As for Forde and Downey, they are later charged with manslaughter but the State chooses not to pursue the prosecutions. Forde apparently later immigrates to Australia and possibly accidentally poisons himself, and two others, while working as a cook in the Outback.

The “Dromcollogher Burning”, as it becomes known, holds the dubious honour of Ireland’s worst cinema fire. Sadly, it is not the last time safety regulations are disregarded in an entertainment venue: 75 years later the devastating Stardust Nightclub fire in Dublin also claims the lives of 48 patrons.

(From: “The Dromcollogher Cinema Fire,” http://www.corkmoviememories.com | Image Source: National Library of Ireland)


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Irish Free State Suspends Executions

irish-free-state-executionsOn February 8, 1923, the Irish Free State suspends executions until February 18, offering an amnesty to anyone who surrenders before that date.

In the aftermath of the sudden death of Arthur Griffith and the killing of Michael Collins, in August 1922, William T. Cosgrave becomes chairman of the provisional government. Cosgrave and his colleagues remain wedded to a ruthless military and political strategy that ensures, by May 1923, a decisive win over the Republicans and the end of the Irish Civil War. Cosgrave’s analysis is that “the executions have had a remarkable effect. It is a sad thing to say, but it is nevertheless the case.” He could also be chilling in his resolve: “I am not going to hesitate and if the country is to live and if we have to exterminate 10,000 republicans, the 3 millions of our people are bigger than the ten thousand.”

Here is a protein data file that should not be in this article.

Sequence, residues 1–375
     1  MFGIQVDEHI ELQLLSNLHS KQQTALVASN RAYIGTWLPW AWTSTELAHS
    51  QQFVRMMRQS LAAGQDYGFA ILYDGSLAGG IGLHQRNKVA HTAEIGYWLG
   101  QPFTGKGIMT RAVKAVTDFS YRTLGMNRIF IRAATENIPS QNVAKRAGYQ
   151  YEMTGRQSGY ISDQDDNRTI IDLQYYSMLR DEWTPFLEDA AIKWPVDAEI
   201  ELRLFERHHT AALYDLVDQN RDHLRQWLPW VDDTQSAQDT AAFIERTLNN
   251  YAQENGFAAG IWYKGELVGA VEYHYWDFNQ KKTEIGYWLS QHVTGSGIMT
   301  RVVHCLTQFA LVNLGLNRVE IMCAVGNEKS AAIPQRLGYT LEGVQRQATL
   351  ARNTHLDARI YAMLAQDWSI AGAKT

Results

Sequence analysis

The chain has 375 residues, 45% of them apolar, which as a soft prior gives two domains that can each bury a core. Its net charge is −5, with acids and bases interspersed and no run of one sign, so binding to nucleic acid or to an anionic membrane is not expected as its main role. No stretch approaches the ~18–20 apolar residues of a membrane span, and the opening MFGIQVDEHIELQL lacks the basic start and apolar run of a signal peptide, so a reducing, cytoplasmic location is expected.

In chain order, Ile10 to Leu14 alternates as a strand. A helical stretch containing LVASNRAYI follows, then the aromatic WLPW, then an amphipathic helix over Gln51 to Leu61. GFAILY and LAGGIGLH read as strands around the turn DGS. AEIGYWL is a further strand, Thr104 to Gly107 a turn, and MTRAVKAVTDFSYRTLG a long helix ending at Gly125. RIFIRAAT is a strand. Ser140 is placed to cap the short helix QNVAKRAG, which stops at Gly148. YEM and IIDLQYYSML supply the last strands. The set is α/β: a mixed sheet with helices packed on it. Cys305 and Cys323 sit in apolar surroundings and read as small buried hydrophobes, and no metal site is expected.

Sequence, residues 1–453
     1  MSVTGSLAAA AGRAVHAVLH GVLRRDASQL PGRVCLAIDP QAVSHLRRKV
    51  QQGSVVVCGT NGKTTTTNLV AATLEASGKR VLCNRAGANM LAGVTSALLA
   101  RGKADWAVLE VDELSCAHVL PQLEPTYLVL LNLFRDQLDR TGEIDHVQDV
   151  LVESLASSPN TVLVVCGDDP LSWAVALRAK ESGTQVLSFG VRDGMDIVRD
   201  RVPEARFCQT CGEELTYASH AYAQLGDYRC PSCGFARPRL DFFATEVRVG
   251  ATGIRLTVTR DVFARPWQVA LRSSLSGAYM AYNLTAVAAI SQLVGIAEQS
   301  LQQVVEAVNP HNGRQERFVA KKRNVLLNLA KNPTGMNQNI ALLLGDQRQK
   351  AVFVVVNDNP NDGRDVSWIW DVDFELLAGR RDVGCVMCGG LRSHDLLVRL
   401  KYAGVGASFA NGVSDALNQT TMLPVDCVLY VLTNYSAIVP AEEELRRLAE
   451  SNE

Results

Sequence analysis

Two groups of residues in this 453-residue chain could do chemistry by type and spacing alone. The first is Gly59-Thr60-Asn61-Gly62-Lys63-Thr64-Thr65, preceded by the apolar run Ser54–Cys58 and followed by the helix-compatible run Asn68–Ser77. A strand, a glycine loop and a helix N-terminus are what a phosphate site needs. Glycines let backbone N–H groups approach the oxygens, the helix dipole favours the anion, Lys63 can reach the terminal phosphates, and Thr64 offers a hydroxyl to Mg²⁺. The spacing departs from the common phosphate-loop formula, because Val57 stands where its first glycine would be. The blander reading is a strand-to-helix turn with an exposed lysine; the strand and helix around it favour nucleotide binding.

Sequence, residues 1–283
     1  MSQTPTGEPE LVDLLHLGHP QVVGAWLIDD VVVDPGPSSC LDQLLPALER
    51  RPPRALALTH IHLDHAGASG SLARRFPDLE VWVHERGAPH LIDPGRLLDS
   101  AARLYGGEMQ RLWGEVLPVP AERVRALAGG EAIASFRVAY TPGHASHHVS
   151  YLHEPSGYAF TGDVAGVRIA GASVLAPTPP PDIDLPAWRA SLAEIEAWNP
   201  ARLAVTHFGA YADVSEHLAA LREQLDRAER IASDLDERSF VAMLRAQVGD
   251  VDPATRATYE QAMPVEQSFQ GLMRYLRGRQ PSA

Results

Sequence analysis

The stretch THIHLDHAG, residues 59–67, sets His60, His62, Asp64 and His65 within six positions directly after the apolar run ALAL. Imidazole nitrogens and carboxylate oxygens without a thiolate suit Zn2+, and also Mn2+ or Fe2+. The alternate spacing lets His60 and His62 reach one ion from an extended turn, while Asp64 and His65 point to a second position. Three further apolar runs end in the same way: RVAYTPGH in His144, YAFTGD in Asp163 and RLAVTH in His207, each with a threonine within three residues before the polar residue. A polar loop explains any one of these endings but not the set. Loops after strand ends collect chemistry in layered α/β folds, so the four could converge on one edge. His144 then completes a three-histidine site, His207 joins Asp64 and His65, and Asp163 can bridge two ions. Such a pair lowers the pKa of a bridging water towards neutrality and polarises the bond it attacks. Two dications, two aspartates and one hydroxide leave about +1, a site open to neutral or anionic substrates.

The Free State suspends executions and offers an amnesty in the hope that anti-treaty fighters will surrender. However, the war drags for another two months and witnesses at least twenty more official executions.

Several Republican leaders narrowly avoid execution. Ernie O’Malley, captured on November 4, 1922, is not executed because he is too badly wounded when taken prisoner to face a court-martial and possibly because the Free State is hesitant about executing an undisputed hero of the recent struggle against the British. Liam Deasy, captured in January 1923, avoids execution by signing a surrender document calling on the anti-treaty forces to lay down their arms.

The Anti-Treaty side calls a ceasefire on April 30, 1923 and orders their men to “dump arms,” ending the war on May 24. Nevertheless, executions of Republican prisoners continue after this time. Four Irish Republican Army (IRA) men are executed in May after the ceasefire order and the final two executions take place on November 20, months after the end of hostilities. It is not until November 1924 that a general amnesty is offered for any acts committed in the civil war.

In highlighting the severity of the Free State’s execution policy, however, it is important not to exaggerate its extent. The Free State takes over 12,000 Republicans prisoner during the war, of whom roughly 80, less than 1%, are executed. How those who are executed are chosen from the others captured in arms is unclear, however many more men are sentenced to the death penalty than are actually shot. This is intended to act as a deterrent to anti-Treaty fighters in the field, who know that their imprisoned comrades are likely to be executed if they kept up their armed campaign.

Perhaps this realism is also beginning to affect the republican self-declared “men of faith.” Dan Breen, who leads an IRA column in Tipperary during the Civil war, tells his fellow republicans, “In order to win this war you’ll need to kill 3 out of every 5 people in the country and it isn’t worth it.”